Abstract: Collective decision making problems can be seen as finding an outcome that is closest to a concept of consensus. 1 introduced Closeness to Unanimity Procedure as a first example to this approach and showed that the Borda rule is the closest to unanimity under swap distance a.k.a the 2 distance. 3 shows that the Dodgson rule is the closest to Condorcet under swap distance. 4, 5 generalized this concept as distance-rationalizability, where being close is measured via various distance functions and with many concepts of consensus, e.g., unanimity, Condorcet etc. In this paper, we show that all non-degenerate scoring rules can be distance-rationalized as Closeness to Unanimity procedures under a class of weighted distance functions introduced in 6. Therefore, the results herein generalizes 1 and builds a connection between scoring rules and a generalization of the Kemeny distance, i.e. weighted distances.
    Keywords: Computational Techniques; Simulation Modeling; Social Choice; Clubs; Committees; Associations; Political Processes: Rent-seeking, Lobbying, Elections, Legislatures, and Voting Behavior; Conflict; Conflict Resolution; Alliances;
    JEL: C63 D71 D72 D74
    Date: 2013
  4. By: Bjšrn Bartling; Urs Fischbacher; Simeon Schudy
    Abstract: Are people blamed for being pivotal if they implement an unpopular outcome in a sequential voting process? We conduct an experimental voting game and analyze how pivotality affects responsibility attribution by parties who can be negatively affected by the voting outcome. We measure responsibility attribution by assigned punishment points and find that pivotal decision makers are blamed significantly more than non-pivotal decision makers. Moreover, we find that some voters avoid being pivotal by voting strategically to delegate the pivotal vote to subsequent decision makers.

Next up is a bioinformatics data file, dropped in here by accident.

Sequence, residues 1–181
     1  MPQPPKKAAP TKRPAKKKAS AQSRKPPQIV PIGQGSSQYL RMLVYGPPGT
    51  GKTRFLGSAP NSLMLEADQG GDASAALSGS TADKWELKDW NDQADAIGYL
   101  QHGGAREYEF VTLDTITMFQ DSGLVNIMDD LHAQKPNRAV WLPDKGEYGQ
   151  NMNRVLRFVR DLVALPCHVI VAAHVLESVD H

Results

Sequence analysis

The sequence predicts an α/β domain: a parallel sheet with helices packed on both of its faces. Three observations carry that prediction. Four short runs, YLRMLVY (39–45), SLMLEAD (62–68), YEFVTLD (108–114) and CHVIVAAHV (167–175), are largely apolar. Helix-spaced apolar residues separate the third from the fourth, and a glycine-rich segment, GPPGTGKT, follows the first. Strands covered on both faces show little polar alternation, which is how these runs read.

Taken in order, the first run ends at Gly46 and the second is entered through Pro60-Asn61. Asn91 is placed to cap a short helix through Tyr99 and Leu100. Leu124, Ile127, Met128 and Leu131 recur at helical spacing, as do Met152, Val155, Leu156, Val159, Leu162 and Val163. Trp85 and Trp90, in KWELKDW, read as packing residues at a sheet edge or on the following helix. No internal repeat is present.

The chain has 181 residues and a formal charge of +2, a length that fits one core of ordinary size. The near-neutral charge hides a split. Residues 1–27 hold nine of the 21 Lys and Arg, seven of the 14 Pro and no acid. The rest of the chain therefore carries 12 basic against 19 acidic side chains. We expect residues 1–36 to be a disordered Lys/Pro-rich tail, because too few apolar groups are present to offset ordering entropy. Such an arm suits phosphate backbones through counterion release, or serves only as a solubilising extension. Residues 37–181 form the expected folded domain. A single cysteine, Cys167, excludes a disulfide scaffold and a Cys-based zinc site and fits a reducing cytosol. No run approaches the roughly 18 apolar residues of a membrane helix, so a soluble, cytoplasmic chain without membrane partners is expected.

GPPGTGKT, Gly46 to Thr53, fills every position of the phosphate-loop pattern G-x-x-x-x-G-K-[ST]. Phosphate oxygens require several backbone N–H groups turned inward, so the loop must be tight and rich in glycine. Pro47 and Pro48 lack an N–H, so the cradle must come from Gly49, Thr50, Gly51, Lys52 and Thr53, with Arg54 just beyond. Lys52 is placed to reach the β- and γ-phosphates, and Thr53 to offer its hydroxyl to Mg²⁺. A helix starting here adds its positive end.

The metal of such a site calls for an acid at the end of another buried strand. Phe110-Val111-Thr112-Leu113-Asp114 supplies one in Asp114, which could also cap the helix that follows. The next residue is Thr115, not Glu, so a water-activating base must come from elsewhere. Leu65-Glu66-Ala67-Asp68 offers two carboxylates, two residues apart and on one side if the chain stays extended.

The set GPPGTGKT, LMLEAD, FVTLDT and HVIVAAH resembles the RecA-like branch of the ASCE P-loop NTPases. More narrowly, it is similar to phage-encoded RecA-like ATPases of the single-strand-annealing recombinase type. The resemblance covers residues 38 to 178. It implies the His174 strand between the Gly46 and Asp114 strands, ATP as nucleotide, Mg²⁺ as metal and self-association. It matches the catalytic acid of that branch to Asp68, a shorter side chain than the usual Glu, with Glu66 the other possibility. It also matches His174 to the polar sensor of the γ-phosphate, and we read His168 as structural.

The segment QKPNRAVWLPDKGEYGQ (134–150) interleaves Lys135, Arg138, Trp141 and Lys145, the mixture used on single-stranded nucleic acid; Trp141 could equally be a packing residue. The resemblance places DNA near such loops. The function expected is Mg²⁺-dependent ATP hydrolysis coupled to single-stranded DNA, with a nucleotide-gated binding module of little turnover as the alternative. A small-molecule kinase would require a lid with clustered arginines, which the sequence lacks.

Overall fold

Keywords: Pivotality, voting, responsibility attribution, blame, delegation, experiment
    Date: 2014
  5. By: Rune Midjord; Tomas Rodriguez Barraquer; Justin Valasek
    Abstract: In this paper, we demonstrate that payoffs linked to a committee member's individual vote may explain over-cautious behavior in committees. A committee of experts must decide whether to approve or reject a proposed innovation on behalf of society. In addition to a payoff linked to the adequateness of the committee's decision, each expert receives a disesteem payoff if he/she voted in favor of an ill-fated innovation. An example is FDA committees, where committee members can be exposed to a disesteem (negative) payoff if they vote to pass a drug that proves to be fatal for some users. We show that no matter how small the disesteem payoffs are, information aggregation fails in large committees: under any majority rule, the committee rejects the innovation almost surely. We then show that this inefficiency can be mitigated by pre-vote information pooling, but only if the decision is take under unanimity: in the presence of disesteem payoffs, committee members will only vote efficiently if they are all responsible for the final decision.
    Keywords: Committees; Information aggregation; Disesteem payoffs
    JEL: D71 D72
    Date: 2013–12
  6. By: Adena, Maja; Enikolopov, Ruben; Petrova, Maria; Santarosa, Veronica; Zhuravskaya, Ekaterina
    Abstract: How far can media undermine democratic institutions and how persuasive can it be in assuring public support for dictator policies? We study this question in the context of Germany before World War II, between 1929 and 1939. First, we estimate the impact of radio signal on voting for the Nazi party before and after Nazi got control over the content of the broadcast. Prior to Hitler s appointment as chancellor, the radio, broadcasting cultural programs and some political news with an anti-Nazi slant, had a substantial negative effect on voting for the Nazi party. This negative effect was fully undone in just one month before the last competitive pre-war election following Hitler s appointment in 1933, which resulted in the change of radio content to heavy pro-Nazi propaganda. In the last few months that Germany remained democracy, the persuasion power of pro-Nazi propaganda was smaller than that of the anti-Nazi radio. Second, we examine the impact of the radio after Nazi fully consolidated power. Radio propaganda helped Nazi to enroll new party members and encouraged denunciations of Jews and other open expressions of anti-Semitism. Radio was most effective as propaganda tool when combined with other tools, such as Hitler s speeches, and when the message was more aligned with listeners priors as measured by historical variation in anti-Semitism. --
    JEL: D72 L82 P26
    Date: 2013
  7. By: Stowasser, Till; Englmaier, Florian